HAMBURG, N.Y. — According to the New York School Bus Contractors Association, there is a 15% statewide school bus driver shortage. It’s clear as you drive around town that there is still a need for folks to help New York’s more than 2.3 million students get to school.
Why is this still a problem? Turns out, there has always been a shortage of drivers. It was only made worse by the pandemic.
What You Need To Know
- Older drivers decided to retire early once class went virtual
- Legalization of marijuana could be another setback – as school buses are under federal guidance
- Plus, an under-the-hood test, has tripped up a number of potential drivers from getting a commercial license
- All of this, compounded with the average salary of around $40,000, is making it difficult for companies to fill the gap
"There is not a single school district or school contractor in the state of New York, maybe even in the country that would tell you they're comfortable with their staffing levels at the time,” Nick Vallone, New York School Bus Contractors Association president, said.
At Fisher Bus Service in Hamburg, there are 100 yellow school buses ready to bring Hamburg and Orchard Park students back to the classroom.
“Finding school bus drivers, for the last handful of years, it's been quite a challenge,” Angela Coughlin, general manager of Fisher Bus said.
Coughlin says in a perfect world, she’d have 120 drivers on staff.
“There is no such thing as enough school bus drivers,” Coughlin said.
The drivers they do have play a critical role in each student’s life. Fisher Bus and the Hamburg Central School District work together like parents, to give kids the extra mental and emotional support they need.
“They look for social cues in kids that may need extra help as far as anything emotional goes,” Coughlin said. “We do a lot with suicide prevention, a lot of bullying training.”
“We train them along with all of our other employees, because oftentimes they're the first adult to see a child,” Michael Cornell, Hamburg Central School District superintendent and president of Erie-Niagara Superintendents Association, said.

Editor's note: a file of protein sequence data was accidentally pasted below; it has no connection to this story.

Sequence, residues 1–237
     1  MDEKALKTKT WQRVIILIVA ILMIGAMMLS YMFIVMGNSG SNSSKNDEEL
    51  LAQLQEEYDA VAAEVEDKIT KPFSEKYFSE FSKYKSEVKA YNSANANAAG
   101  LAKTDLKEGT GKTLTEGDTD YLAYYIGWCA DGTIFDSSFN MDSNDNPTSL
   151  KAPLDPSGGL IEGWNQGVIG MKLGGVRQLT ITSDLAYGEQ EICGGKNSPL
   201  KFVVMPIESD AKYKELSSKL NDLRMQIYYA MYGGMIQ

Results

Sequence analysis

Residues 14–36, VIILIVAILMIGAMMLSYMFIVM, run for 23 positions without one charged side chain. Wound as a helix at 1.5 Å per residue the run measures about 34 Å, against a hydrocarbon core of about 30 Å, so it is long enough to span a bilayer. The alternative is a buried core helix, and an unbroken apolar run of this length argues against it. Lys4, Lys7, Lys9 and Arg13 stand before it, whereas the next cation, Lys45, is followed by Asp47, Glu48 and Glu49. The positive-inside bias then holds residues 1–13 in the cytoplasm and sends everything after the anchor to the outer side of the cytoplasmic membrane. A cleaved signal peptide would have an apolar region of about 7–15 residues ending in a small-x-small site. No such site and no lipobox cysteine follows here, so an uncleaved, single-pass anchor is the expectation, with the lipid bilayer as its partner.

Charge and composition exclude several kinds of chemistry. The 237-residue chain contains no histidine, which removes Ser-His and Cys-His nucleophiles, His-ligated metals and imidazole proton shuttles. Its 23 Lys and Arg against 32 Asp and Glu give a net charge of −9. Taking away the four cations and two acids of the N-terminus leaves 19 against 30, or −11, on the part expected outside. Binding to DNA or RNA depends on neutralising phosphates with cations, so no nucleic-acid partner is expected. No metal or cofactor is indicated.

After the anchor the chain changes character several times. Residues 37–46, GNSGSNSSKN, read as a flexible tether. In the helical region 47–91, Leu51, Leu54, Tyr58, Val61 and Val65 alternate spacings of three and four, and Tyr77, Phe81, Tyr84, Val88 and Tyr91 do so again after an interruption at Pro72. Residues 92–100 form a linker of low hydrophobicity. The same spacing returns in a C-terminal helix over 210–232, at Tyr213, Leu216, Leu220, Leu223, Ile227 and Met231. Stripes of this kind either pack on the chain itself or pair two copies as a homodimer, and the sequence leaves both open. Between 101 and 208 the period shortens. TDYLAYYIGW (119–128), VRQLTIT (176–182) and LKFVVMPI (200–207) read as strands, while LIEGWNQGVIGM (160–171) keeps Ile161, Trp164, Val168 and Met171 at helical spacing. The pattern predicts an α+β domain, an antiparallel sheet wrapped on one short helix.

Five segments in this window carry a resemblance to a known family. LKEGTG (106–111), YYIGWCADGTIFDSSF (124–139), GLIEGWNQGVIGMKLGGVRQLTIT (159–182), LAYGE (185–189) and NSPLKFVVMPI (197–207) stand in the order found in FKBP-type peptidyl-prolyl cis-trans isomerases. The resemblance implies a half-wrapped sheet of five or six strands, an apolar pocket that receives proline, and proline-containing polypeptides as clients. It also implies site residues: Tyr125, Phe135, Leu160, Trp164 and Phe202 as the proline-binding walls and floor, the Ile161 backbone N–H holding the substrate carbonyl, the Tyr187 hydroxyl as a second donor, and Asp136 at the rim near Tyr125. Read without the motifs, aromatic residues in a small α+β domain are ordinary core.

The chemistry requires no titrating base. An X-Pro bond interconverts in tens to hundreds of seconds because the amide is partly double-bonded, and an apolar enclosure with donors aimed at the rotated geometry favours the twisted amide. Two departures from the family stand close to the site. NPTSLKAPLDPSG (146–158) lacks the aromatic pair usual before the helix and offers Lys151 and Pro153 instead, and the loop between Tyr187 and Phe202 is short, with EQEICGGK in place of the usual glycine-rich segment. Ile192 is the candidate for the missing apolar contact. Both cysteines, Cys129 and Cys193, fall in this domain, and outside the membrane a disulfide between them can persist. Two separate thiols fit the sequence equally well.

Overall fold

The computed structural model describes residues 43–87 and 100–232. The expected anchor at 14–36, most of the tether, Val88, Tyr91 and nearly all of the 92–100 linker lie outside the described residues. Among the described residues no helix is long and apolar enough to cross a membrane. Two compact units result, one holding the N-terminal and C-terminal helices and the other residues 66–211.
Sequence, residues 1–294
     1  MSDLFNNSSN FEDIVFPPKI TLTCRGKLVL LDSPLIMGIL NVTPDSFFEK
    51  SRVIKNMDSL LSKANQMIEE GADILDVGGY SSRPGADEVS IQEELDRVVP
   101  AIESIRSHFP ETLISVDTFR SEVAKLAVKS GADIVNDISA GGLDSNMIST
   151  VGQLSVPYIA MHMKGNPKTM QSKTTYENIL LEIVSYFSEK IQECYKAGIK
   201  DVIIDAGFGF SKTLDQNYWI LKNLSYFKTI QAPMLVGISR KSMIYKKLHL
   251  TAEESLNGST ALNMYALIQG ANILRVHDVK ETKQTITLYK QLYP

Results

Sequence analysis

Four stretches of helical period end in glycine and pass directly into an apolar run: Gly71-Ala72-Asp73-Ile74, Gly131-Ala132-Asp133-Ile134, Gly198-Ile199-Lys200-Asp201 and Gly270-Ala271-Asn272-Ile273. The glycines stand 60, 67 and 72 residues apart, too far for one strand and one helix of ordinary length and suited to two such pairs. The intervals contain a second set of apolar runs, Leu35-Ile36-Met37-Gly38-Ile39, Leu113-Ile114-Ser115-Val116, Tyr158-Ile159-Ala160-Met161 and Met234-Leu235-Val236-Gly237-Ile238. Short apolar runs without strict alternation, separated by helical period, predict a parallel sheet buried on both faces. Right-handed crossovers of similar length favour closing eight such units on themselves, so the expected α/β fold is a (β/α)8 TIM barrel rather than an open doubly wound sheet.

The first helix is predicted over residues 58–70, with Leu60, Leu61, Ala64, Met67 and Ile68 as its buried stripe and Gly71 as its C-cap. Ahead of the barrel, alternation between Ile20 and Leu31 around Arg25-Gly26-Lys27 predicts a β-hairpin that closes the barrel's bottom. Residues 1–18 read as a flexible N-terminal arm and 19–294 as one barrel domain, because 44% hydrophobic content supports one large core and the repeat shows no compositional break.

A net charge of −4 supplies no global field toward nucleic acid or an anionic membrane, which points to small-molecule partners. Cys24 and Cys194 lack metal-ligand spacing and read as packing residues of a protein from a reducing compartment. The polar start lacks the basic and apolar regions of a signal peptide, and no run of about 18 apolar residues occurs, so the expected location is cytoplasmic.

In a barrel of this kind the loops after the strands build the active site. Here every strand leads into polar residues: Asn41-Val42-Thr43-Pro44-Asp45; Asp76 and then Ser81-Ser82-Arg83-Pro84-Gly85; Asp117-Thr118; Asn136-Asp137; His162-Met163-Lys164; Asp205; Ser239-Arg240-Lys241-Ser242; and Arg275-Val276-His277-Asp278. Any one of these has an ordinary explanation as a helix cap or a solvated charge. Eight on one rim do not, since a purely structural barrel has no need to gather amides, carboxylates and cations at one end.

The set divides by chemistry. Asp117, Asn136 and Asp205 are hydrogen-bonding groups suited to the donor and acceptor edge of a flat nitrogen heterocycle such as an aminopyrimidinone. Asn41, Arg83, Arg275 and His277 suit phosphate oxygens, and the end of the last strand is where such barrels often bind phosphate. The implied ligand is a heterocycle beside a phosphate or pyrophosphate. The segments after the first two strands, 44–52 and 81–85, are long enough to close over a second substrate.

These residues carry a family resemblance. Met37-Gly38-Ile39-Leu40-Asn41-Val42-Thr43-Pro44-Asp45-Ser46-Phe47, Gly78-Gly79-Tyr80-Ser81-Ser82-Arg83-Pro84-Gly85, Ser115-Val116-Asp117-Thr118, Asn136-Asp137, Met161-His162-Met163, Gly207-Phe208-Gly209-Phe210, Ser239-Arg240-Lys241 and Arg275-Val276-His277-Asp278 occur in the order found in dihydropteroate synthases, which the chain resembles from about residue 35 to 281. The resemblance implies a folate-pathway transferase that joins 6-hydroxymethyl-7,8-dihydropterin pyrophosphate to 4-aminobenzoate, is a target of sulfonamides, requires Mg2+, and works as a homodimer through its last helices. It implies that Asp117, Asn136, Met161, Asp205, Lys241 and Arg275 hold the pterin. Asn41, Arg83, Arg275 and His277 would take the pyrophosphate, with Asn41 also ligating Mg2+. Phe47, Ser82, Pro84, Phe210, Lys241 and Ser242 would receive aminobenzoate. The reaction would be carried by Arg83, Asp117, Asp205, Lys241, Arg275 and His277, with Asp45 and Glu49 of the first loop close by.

If a driver sees signs of mental or emotional stress, they’ll flag a district employee. Cornell says the student mental health crisis started back in 2015.
“Every school district in Western New York and across the state is doing something substantial to address the mental and emotional needs of children and also families,” Cornell said.
He’s right. Here’s Niagara Falls’ approach.
“We're looking to ramp up that training where we bring in the mental health providers that we have for our teachers, and share those same trauma informed care practices,” Mark Laurrie, superintendent of Niagara Falls City School District, said.
It’s not lost on Laurrie that a bus driver is often the first person some of his 7,000 students see.
“Don't ever underestimate the power and the need for a good driver and associate as it relates to mental health,” Laurrie said.
Mental health is just one continuing challenge. A driver shortage has the district again staggering school start times. The pressure to be reliable is felt well before the first school bell.
“A lot of our kids, they rely on us to get them to school on time because that's they'll have breakfast at school, you know, and it's the beginning part of their day,” Michael Dowd, president of Niagara Falls Coachlines, said. “And if you're a young kid and you're starting the day off and you're hungry because your bus got to school late, you're going to have a tough day.”
Dowd says about 15 years ago, they had 85 drivers. This school year, they have 50.
“Today, with the improvements in routing technology, I'd say we probably could use 65 would be a good number for us to have now, or 70,” Dowd said.
The shortage has an impact on kids beyond bus delays.
“If there are more kids on the bus, there's more stress on the kids, there's more conflict, there's more altercation, and so we have to train our drivers and aides to deal with that,” Dowd explained.
It’s a challenge for sure. But this year, Dowd is hoping new GPS technology, where families can track their bus, will make things a little easier if there are delays.
If you’re looking for a career change, Coughlin says they hire year-round, adding that driving is a profession you might fall in love with unexpectedly.
“It's a job that turns into a career that grows on your heart,” Coughlin smiled.
Now, if you’re dealing with bus delays and you’re frustrated, you’re kindly asked to not approach buses and please do not get physical with a driver or bus aides. There have been instances of that in the past, and not only is it traumatizing for the driver or aide, but think about how that could impact a child as it unfolds. It’s suggested you call your school district, or bus provider, to sort out the issue.